Nimble, Inclusive, Adaptable: A Strategic Approach to Match the Core Development Principles

Both advocates and practitioners of global development have called on the Biden-Harris administration to elevate development as an instrument of national security and an expression of U.S. national character. The nomination of former U.S. ambassador to the United Nations Samantha Power as administrator of the U.S. Agency for International Development (USAID), now with a seat on the National Security Council (NSC), is an important step in that direction. Additionally, a strategy for global development can strengthen and consolidate development objectives. Yet, some policymakers, especially those who have been involved in previous strategic efforts, warn against burdensome processes that may not be worth the time and effort. Having both contributed to prior strategies and worked in the absence of one, our answer is emphatically yes: a global development strategy is needed, but only if the exercise (and the strategy itself) is nimble, inclusive, and adaptable.

The Why

Without an organized strategy or policy on development, U.S. development agencies struggle to align around shared objectives, make strategic decisions guided by national priorities, or implement cohesive programming. The Obama administration’s Presidential Policy Determination (PPD)-6 brought together the many departments and agencies that manage development assistance around a common understanding at the intersection of national interest and global development. Unfortunately, the process was lengthy and competed with other ongoing planning efforts, undermining its short-term buy-in and long-term impact.

In the absence of an overarching strategy and clearly defined objectives, development agencies tend to gravitate toward initiatives and internally driven priorities. While interagency initiatives such as the President’s Malaria Initiative and Power Africa are indeed effective development efforts, they remain sector specific and may not provide what partner countries actually require or be the most critical for U.S. national security. Seemingly ad hoc efforts by the new U.S. Development Finance Corporation (DFC) is a reminder that coordination and collaboration among agencies is essential to realizing the full potential of U.S. development efforts.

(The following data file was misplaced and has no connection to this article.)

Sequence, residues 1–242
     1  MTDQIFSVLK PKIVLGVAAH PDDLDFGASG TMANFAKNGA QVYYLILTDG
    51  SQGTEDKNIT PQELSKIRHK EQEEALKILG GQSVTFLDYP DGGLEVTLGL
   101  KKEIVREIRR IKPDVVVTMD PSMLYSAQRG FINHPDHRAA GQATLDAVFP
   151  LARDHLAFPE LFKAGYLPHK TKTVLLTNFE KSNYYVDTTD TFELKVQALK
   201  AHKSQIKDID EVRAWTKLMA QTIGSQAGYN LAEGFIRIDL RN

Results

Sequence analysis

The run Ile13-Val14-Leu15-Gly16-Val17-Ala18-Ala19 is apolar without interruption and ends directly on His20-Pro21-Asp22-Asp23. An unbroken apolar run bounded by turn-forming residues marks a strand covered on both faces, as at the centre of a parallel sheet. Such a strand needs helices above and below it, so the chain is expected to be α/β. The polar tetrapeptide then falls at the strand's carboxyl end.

A unified strategy can guide an agencies’ international engagement—and leadership—on global development, ensuring that our strategic partners can be guaranteed consistent messaging and actions. For example, most of the world has embraced the Sustainable Development Goals (SDGs) as global development objectives. Given the outgoing administration’s neglect of the SDGs, it is critical that U.S. officials be able to determine how its strategic objectives can support and align with the SDG framework. A strategy offering a set of common objectives will clarify mandates and division of labor, yield better results, and strengthen U.S. leadership throughout the international arena.

U.S. development assistance is likely to be constrained, at least in the near term, given that marginal increases in the development budget have not kept pace with the growing scale of need. At the same time, rising pandemic-driven poverty, prolonged complex humanitarian crises, and accelerating climate change is placing more pressure than ever on the aid budget. Without a U.S. government-wide strategy, individual agencies will determine their own priorities that can be duplicative or even cross-purposed with those of other agencies. To make the most efficient use of every development dollar, agencies must work collaboratively towards the same objectives.

The When

To fully realize development’s potential as an instrument of national security—on par with diplomacy and defense—a set of principles for global development should be crafted in advance of the National Security Strategy (NSS). The purpose of the strategy is to get all development actors “rowing in the same direction,” but not to immerse them in a heavy-handed policy process. Therefore, leadership at the NSC should work toward producing a white paper on development principals within a four- to five-month period—preceding the National Security Strategy. The document would reflect significant interagency input and could be built into a formal strategy on global development following the completion of the NSS.